It's the same thing DC is doing to John Constantine, since no one got the point I was alluding to, or rather trying to compare. It's people who know nothing about the motivations of the characters they own and rewriting them so that they can be used to exploit even the youngest children for those advertizing bucks. It's whoring out those characters and making the kids who watch them, the "johns." I'm sure I'm just overly cynical and there's nothing wrong with the corporatization of everything.

 

I probably agree with you about Constantine. I think the difference here is that when the 12 year olds who are reading Constantine get to 16 or 17 there won't be an adult Hellblazer for them to graduate to. And that is a Bad Thing.

 

But I wouldn't dress Charles Manson up as a clown and invite him to a kid's birthday, either.

 

Maybe in 800 years time they'll do just that in Night At The Museum 350. Probably too soon at the moment.

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I think the main difference is the fact that Gengis Khan and Chucky Manson are historical figures, so although there's a taboo/stigma (especially if they're still alive and kickin' as in the case of Manson) that you might be making light of real human plight, they are - especially in the form of satire - fair game to be reinterpreted any way you choose, and that work can and will be judged mostly by its own merits. Similar story goes for the public domain characters like Sherlock Holmes, for example - you can have him be a vampire, a black dude, a muppet baby, an alien robot living in Brazil, and still get away with it. I understand that seeing Punisher in a kiddie toon might be questionable, since his sole shtick is usually killing folks, though his name can be interpreted otherwise for the purpose of the cartoon. Like, maybe have him be a serial spanker of naughty kids? (Yeah, that's much better. Nice work, me.)

 

My point (other than the stuff Atticus so nicely put in his post) is that I don't see anything inherently wrong with making alternate versions of famous characters (especially Jesus), and if the take is such that it keeps some of the core elements of the characters, and changes others with a purpose (even though the said purpose is just having a lark), it's fine by me. The corporations do it for cash, authors do it out of love, or to piggyback onto a fanbase/phenomena, or just because they feel like it and sometimes they even have a point to make, a story to tell. Frankly, I'd have more of a problem if the kiddie Punisher was, in a cartoon for kids that probably aren't even starting elementary school, going around killing people. If the tiny kids fall in love with the character so much that they want to read comics with him, I'm sure there are plenty existing barriers in place that will prevent it from happening. And if all else fails, we can always fiddle with the old Louis C.K. quote to adapt it for this particular situation : Two guys are in LOVE and they can't get married because you don't want to talk to your ugly child for five fuckin' minutes?”. Just replace two guys in love with creators, can't get married with "can't make a kiddie Punisher" and your ugly child with "your/other people's (hypothetical?) children".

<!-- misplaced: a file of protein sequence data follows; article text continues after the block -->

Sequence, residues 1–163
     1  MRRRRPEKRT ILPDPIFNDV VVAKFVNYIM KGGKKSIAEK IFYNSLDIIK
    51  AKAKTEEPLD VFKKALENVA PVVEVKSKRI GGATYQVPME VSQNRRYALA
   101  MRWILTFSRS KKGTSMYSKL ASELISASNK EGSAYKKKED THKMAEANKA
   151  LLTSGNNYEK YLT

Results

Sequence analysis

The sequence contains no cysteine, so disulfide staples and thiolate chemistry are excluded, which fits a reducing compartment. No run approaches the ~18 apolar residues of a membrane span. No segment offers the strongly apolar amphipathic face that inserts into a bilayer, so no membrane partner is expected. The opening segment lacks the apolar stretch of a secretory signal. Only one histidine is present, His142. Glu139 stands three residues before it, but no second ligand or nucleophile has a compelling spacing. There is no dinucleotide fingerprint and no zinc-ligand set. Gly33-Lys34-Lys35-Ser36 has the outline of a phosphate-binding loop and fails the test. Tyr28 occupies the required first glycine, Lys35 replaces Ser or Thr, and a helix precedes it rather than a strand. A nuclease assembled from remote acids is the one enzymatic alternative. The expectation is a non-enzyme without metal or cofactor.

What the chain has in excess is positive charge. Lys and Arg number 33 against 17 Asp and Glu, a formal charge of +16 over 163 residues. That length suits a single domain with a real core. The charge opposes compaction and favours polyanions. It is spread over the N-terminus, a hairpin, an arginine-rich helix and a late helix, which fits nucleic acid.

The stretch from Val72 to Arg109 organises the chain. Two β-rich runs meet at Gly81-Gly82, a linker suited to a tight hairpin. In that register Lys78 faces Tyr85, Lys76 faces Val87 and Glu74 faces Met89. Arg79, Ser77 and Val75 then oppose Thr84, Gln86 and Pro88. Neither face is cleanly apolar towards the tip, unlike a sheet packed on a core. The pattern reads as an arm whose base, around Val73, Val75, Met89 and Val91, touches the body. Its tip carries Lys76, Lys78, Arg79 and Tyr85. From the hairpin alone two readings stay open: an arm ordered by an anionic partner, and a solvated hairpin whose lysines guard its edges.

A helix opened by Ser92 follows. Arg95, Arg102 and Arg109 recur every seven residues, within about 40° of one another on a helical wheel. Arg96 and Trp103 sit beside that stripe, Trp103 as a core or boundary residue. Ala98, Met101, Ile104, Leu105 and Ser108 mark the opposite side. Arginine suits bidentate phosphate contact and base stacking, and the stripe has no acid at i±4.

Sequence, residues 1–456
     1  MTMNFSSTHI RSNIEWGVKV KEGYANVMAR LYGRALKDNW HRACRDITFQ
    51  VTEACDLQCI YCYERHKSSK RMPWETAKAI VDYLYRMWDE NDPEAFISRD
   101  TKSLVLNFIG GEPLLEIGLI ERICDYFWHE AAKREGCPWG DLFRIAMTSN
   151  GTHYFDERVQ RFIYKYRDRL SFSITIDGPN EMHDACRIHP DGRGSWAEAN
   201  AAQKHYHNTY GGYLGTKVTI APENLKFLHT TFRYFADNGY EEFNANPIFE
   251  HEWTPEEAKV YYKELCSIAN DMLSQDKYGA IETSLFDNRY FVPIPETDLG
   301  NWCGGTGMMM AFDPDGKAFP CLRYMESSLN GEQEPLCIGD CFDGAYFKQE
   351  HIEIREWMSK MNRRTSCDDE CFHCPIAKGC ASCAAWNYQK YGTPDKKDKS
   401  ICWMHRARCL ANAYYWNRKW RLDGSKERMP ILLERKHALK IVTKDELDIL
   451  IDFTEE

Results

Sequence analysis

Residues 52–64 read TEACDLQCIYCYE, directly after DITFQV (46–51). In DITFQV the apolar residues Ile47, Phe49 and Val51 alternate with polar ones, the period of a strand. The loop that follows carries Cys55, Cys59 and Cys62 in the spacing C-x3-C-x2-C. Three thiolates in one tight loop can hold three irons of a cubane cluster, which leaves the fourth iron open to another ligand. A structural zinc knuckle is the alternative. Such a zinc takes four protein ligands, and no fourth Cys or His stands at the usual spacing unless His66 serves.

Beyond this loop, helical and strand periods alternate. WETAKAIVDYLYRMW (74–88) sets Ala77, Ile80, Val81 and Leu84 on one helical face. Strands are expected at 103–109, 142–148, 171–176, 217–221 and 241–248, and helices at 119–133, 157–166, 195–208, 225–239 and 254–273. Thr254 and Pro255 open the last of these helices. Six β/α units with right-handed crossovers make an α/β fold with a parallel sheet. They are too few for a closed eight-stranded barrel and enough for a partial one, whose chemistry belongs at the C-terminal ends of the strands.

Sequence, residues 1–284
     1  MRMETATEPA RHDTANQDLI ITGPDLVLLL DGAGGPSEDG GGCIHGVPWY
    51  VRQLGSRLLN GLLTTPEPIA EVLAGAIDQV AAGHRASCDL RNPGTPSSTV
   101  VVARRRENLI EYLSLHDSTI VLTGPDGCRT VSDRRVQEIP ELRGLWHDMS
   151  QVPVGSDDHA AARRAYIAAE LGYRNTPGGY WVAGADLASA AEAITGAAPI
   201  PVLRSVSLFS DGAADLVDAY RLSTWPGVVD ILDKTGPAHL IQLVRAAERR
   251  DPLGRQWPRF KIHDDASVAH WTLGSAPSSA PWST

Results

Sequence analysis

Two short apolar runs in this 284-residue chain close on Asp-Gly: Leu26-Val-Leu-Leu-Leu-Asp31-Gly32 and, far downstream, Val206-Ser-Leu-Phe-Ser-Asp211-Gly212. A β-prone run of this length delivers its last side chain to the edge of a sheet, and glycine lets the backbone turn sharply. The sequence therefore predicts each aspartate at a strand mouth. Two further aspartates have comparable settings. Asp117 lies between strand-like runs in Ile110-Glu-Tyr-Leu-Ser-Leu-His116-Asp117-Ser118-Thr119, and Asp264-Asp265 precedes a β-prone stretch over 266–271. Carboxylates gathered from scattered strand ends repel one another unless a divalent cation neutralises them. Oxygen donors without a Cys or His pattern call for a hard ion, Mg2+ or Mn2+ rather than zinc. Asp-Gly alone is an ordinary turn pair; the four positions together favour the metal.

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Punisher probably isn't necessary in a cartoon like this. Punisher's modus operandi is big guns shooting people. The Marvel Universe has thousands of characters, Punisher really isn't needed in any way for a cartoon like this. Wolverine is one of Marvel's top names, so leaving his out would be problematic, but a kid would probably need to really be in to comics to search down a Punisher comic today, if they're just starting to read Marvel comics.

At the same time, it's not like using Punisher in a cute, funny way in a cartoon doesn't work. If you're an adult who knows the character, you might find the usage to be comical, because it's so out-of-character.

This isn't the mainstream Punisher comic. If they made Punisher into a My Little Pony rip-off in his comic, your argument would make more sense than in a kiddie cartoon that bears no resemblance to Marvel's continuity.

 

Remember, there was a Doom Patrol comic where John Constantine was a superhero. It was played for laughs. Did we get all upset and say they're ruining John because John doesn't act that way? No! We realized it was an alternate reality version of John, and we enjoyed it for what it was.

The gag wouldn't have worked unless it was a character like John Constantine.

 

They probably won't make Manson into a clown....but now maybe that John Wayne Gacy guy! Ha!

 

God, Night at the Museum was an awful movie.

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Yes, I think if we boil down what bothers me, it's the fact that Punisher, and to a lesser extent, Wolverine are portrayed in this show like--well, totally unlike their characters are in everything else. It reminds me of those little block people those of us who grew up in the 60s and 70s played with as children. They have no arms or legs, they were peg people by Fisher Price.

 

$T2eC16NHJG!E9nm3o)enBQYkB-lYW!~~60_35.JPG

 

Remember them? That's what this super hero for baby show reminds me of.

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Only seen a little bit of this show. I always thought it was a fun show. Not as good as Earth's Mightiest Heroes, of course, but a nice little fun show you can enjoy with a youngin'.